Make bridge a public asset: Hampton Don’t be hasty, says Boshcoff

The sale of the international bridge at Fort Frances is a clear signal that both Boise Cascade and Abitibi-Consolidated face a cash shortage situation and are looking to sell assets to make up that shortfall, NDP leader and local MPP Howard Hampton said Tuesday afternoon.
“The sale of this bridge is an opportunity for the governments of Canada, the United States, the province of Ontario, and the state of Minnesota to make the bridge a public asset,” he noted.
“The time has never been better than now with a willing seller,” he stressed.
Hampton argued the bridge here has been paid many times over and that he wouldn’t want it to fall into an “absentee landlord” ownership.
He also felt the two companies owning the bridge had been responsive to the communities when tolls had been set previously.
“The bridge has a huge economic impact on the two communities and to the other communities of the northwest,” Hampton said.
Hampton already has written letters to the minister of transportation and the minister of northern development and mines urging them to become involved in the bridge purchase.
Meanwhile, Thunder Bay-Rainy River MP Ken Boshcoff agreed the potential sale of the bridge is an opportunity for the border communities and those elsewhere in Northwestern Ontario, adding he hopes to meet with representatives from both sides of the border before they begin formulating plans as he “would like to be involved in a facilitating way.”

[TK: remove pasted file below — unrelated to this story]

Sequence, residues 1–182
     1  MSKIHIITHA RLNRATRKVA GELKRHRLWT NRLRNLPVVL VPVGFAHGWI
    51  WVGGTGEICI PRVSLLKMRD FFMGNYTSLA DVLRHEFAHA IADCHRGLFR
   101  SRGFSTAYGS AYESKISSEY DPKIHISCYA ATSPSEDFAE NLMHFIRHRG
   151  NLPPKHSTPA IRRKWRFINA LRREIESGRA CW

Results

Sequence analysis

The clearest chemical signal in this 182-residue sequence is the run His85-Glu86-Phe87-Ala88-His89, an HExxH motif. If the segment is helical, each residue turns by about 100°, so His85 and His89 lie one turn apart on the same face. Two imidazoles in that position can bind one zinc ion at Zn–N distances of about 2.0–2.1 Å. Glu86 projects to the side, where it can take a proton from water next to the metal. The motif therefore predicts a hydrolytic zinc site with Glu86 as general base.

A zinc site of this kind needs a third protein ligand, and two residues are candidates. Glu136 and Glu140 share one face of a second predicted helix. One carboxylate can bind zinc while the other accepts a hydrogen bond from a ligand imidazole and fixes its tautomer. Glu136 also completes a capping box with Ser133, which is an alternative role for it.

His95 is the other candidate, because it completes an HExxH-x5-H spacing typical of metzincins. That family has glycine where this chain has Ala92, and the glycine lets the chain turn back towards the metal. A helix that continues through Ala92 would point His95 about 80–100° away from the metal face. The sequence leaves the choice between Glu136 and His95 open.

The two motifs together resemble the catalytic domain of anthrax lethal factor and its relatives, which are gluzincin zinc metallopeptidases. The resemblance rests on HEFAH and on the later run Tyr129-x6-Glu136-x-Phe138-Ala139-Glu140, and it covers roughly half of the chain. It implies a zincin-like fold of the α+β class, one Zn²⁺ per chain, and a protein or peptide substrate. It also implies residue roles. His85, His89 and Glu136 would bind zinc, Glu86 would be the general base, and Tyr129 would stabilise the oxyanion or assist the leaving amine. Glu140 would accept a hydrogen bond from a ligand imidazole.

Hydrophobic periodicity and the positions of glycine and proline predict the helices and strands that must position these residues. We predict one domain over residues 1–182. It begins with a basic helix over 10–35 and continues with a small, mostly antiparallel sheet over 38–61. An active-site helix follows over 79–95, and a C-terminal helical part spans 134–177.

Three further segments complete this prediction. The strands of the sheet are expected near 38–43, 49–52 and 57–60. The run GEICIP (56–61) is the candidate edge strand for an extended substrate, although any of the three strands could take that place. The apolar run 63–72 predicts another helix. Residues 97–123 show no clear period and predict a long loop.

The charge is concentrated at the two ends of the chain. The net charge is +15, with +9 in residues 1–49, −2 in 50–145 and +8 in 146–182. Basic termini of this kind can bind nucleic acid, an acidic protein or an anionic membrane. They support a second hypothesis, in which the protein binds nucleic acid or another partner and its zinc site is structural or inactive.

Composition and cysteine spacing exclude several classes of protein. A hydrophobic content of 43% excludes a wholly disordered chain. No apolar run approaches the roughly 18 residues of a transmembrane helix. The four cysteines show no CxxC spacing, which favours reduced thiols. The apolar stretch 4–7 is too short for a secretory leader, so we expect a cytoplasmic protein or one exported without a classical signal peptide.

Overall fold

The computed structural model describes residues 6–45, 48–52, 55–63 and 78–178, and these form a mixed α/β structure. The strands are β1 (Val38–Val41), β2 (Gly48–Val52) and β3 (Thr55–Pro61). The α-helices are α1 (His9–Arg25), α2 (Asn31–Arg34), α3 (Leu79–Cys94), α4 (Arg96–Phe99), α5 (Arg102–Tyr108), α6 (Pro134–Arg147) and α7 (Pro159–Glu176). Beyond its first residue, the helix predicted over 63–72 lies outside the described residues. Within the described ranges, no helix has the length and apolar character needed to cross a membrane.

But Boshcoff stressed Tuesday he felt the process shouldn’t be hurried.
“We have to look at all the opportunities. Everything is in a highly speculative state,” he noted. “We have to know what all the options are.
“My goal would be to slow the process [of the sale of the bridge] down so that we can develop a community plan.
“It has to be a community decision,” Boshcoff added. “I see a committee of interested community people from La Vallee, Alberton, NWOTA, and other communities from the northwest being formed to determine what role the community and region can play in the future of the bridge.”
He also said federal and provincial legislation regarding the operation of international bridges needs to be looked at prior to making any decisions.
Boshcoff noted minimal tolls, making the entry across the bridge more attractive, and making the bridge more efficient should be key factors when considering any future ownership and operation of the bridge.
“You only have certain windows of opportunity to develop options. This is one of those occasions,” he said.